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INK Q&A: Laurie R. King

Laurie R. King is the New York Times bestselling author of eight Mary Russell mysteries, four contemporary novels featuring Kate Martinelli, and the bestselling novels A Darker Place, Folly, and Keeping Watch. She lives in northern California.

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Describe your latest project.

Touchstone is a standalone historical novel — or possibly the first of a series, I'm leaning in that direction. In either case, it could be described as a "country house political thriller," set in 1926 Englandit could be described as a "country house political thriller," set in 1926 England, when the country was on the brink of revolution. Yes, really: in the General Strike of April, 1926, people in all walks of life saw the clear potential for an outright worker's revolt.

There are six major characters, most of them English and involved with politics, from right wing to left, several of them related in some way to an ancient aristocratic family. Into this setting drops an American agent for the US Bureau of Investigation (the FBI), hot on the trail of an international terrorist...

What's the strangest or most interesting job you've ever had?

Getting paid to sit and read novels. Well, officially I was there to weigh out and sell coffee beans or tea leaves, but the shop was small and the town was quiet and I spent most of my days immersed in paperbacks bought around the corner at the used books section of another little shop.

Writers are better liars than other people: true or false? Why, or not?

God, no, writers are terrible liars.God, no, writers are terrible liars. It's because we edit, compulsively, and lies just don't come across when the would-be liar changes her mind in the middle of the paragraph and makes it evening rather than afternoon, and the person I was talking to was six-foot-four and blonde, no, with thick black hair that gleamed in the overhead lighting, or actually, he was only five-ten because then I could look him in the eye and see the reflection...

Have you ever made a literary pilgrimage?

Whenever I go to England I'm on pilgrimage. I walk the countryside around Eastbourne because that's where Sherlock Holmes retired. Conversely, when I'm going to Shrewsbury or York or the Lakes District I make sure I have a novel by Ellis Peters or Reginald Hill or Stephen Booth, to lend another dimension.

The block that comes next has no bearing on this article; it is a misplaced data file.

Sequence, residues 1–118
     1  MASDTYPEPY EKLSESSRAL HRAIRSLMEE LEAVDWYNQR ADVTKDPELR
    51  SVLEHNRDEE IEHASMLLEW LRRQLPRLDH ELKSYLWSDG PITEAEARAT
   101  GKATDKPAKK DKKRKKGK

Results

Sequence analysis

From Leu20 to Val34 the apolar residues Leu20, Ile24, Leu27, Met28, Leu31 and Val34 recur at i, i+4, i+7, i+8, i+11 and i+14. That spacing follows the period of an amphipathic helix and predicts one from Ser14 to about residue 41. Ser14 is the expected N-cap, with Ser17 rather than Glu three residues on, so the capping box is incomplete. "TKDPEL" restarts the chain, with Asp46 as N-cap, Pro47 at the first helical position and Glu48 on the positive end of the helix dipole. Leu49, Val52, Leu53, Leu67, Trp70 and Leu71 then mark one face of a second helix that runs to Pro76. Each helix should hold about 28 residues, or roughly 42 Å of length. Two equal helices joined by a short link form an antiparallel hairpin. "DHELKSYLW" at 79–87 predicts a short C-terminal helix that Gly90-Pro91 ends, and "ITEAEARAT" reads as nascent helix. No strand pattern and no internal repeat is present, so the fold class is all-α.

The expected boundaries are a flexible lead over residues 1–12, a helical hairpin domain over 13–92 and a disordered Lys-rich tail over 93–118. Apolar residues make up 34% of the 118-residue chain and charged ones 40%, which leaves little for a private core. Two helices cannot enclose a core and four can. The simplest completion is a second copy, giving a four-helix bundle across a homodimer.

But the best is when I can stay on a site and justify it by calling it research. I slept in the bedroom used by Sabine Baring-Gould's wife when I was researching The Moor, and later the Jamaica Inn on Bodmin Moor. The latter was memorable less for the inn itself than for the museum next door, an enormous collection of stuffed creatures dressed in costumesan enormous collection of stuffed creatures dressed in costumes: the schoolroom full of seated children, all pinafores and schoolbooks, that were actually dead kittens, had a nightmarish fascination that keeps trying to get into a novel. No doubt some day it will.

Why do you write?

How else could I justify going to visit museums full of dead kittens?

Fahrenheit, Celsius, or Kelvin?

Fahrenheit. Also, analog over digital; CD (even cassette) rather than iPod or MP3; two buttons (one for on; the other for off) on the dishwasher; and manual shift. And until 1998, I wrote with a fountain pen, although I now use a laptop.

Do you read blogs? What are some of your favorites?

Blogs are the main exception I make in my aversion to complex machinery. Certain of them I read regularly ("Laurie's Daily Dozen" on my own blog's blogroll) and others I drop in on at intervals. I hate Saturdays because Sarah Weinman doesn't post that day; thank goodness for the Lipstick Chronicles.

Dogs, cats, budgies, or turtles?

I am currently owned by a pair of cats.I am currently owned by a pair of cats. The last dog I had was an Irish wolfhound — now that is a dog. Rather spoils a person for a lesser canine, that is, anything under a hundredweight.

Recommend five or more books on a single subject of personal interest or expertise.

Ah, the glorious richness of historical crime fiction! A few that are not well enough known:

Peter Dickinson, A Summer in the Twenties. (Thank goodness Dickinson didn't specialize in historical fiction, or I'd have had to quit. This one about the Great Strike nearly convinced me I shouldn't bother to try. Nearly.)

Jason Goodwin, The Janissary Tree. (1820s Istanbul: I am SO there.)

Alan Gordon, Thirteenth Night. (Any of them, really — twelfth-century tales about a guild of fools who, delightfully, are responsible for maintaining political order in the known world, from Jerusalem to Denmark. Glorious.)

Arturo Pèrez-Reverte, The Fencing Master. (Nineteenth-century Madrid; the reader finds herself speaking with a Spanish accent halfway through.the reader finds herself speaking with a Spanish accent halfway through.)

Walter Satterthwaite, Escapade. (1920s England, country house, Houdini, Arthur Conan Doyle...)

Martin Cruz Smith, Rose. (Gorgeous, moving exploration of 1870s England.)

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